We are in a secular state with a Catholic tradition, and that still leads to the celebration of many Christian holidays and customs today. You've probably heard that during Lent, you can't eat meat, but what about Iberian ham? Can you eat ham during Lent?
What Can You Eat During Lent and What Can't You?
Lent refers to the forty-day period leading up to one of Christianity's major celebrations: Easter Sunday, which commemorates the Resurrection of Jesus. Lent begins on Ash Wednesday and ends in the early hours of Easter Sunday. While indulging in food is common during these days, many people exclude meat from their menus.
According to Christian tradition, you cannot eat any type of meat, including Iberian ham, on Fridays during the Lenten period, as well as on Holy Wednesday. During these dates, many replace meat in their meals with fish such as cod or tuna. These are common foods during this time, as are stews, boiled dishes, or legumes.
Those who choose to follow this tradition opt for dishes like lentils (without chorizo or ham, of course), boiled potatoes, carrots, and onions, among other vegetables, grilled tuna or salmon with salad or similar dishes. Dishes that prominently feature meat, such as stew or baked rice, are excluded. But beyond these preparations,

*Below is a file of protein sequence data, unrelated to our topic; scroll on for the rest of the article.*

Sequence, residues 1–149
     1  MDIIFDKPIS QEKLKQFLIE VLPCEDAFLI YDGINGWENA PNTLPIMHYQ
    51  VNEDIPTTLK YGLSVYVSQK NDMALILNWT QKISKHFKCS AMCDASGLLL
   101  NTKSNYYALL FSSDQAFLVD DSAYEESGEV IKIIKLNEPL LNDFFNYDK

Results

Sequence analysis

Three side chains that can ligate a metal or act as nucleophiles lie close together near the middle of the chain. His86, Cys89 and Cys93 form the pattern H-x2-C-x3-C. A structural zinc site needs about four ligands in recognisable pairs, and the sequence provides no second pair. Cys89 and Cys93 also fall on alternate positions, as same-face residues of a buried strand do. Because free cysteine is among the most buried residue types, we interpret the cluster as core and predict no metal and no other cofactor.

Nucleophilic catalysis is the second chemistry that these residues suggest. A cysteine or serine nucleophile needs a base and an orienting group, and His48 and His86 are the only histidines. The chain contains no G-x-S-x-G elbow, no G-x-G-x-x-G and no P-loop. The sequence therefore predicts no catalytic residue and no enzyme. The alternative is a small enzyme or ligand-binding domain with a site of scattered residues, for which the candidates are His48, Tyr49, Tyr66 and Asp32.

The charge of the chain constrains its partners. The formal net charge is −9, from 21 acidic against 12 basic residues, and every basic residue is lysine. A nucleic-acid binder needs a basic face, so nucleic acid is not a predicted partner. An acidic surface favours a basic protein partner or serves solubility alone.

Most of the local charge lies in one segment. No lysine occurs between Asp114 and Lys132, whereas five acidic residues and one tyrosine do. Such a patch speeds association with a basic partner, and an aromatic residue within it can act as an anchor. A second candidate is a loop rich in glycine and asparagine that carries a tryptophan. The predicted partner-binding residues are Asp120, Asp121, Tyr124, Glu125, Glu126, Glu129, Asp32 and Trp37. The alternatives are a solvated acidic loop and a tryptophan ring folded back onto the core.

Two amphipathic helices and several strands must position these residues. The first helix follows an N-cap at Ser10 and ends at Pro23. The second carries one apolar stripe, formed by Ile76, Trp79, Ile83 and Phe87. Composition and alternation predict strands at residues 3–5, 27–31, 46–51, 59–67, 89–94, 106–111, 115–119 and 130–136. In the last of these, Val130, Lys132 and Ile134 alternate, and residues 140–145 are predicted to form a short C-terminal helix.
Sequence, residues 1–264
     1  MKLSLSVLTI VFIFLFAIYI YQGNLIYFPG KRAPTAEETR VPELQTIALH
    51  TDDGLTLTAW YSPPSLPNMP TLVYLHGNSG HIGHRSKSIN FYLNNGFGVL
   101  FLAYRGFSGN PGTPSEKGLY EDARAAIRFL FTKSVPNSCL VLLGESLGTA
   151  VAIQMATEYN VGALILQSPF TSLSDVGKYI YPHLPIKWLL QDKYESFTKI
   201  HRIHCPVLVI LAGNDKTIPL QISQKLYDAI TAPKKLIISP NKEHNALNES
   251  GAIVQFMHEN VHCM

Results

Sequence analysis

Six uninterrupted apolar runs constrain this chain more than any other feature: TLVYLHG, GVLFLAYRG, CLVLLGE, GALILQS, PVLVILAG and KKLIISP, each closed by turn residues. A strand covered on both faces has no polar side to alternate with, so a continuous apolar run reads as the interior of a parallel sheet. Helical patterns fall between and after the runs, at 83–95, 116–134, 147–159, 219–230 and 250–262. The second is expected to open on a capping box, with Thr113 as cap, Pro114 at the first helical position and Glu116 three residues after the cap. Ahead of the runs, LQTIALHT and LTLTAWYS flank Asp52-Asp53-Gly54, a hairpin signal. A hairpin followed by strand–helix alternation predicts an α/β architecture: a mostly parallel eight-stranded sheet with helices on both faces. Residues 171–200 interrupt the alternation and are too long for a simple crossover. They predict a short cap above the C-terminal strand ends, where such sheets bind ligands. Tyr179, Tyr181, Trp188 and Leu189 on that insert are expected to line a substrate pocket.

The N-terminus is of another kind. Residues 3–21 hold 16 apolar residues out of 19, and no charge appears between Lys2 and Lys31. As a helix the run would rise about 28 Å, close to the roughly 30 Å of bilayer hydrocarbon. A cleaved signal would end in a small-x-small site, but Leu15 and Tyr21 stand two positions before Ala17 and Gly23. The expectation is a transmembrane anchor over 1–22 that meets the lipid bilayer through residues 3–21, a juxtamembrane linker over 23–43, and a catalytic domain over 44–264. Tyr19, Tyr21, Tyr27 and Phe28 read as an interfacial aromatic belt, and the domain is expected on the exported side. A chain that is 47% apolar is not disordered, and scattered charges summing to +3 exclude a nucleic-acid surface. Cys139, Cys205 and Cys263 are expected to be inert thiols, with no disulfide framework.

What are the typical bites of Lent and Easter? More than dishes, they're desserts!
The Easter mona, whether with boiled and decorated eggs or chocolate eggs, is one of the most common treats during these days, but is it the only one? Of course not! From Andalusia, the famous torrijas (French toast) and pestiños (honey-coated pastries) are well-known. The former is made from stale bread with cinnamon, lemon, and milk, and is another typical sweet of these days, just like leche frita (fried milk), which is especially popular in the Valencia region.
Buñuelos (fritters) are another typical sweet, and depending on the autonomous community you're in, you'll enjoy them in different ways. Additionally, in Catalonia, you'll find buñuelos de aire (airy fritters) and rosquillas (doughnuts), while Andalusia is known for huesos de santo (saint's bones) and other desserts made from marzipan. As you can see, Spanish cuisine is rich and diverse, so now that you know you can't eat Iberian ham or sausages during Lent, you have plenty of alternatives!
Once these dates have passed, you can enjoy ham, chorizo, salchichón, or loin without any guilt! Buy ham at one of our stores or through the Enrique Tomás website, and savor a top-quality product! If you pair it with bread and extra virgin olive oil, no one can resist!
It's worth the wait! You'll see!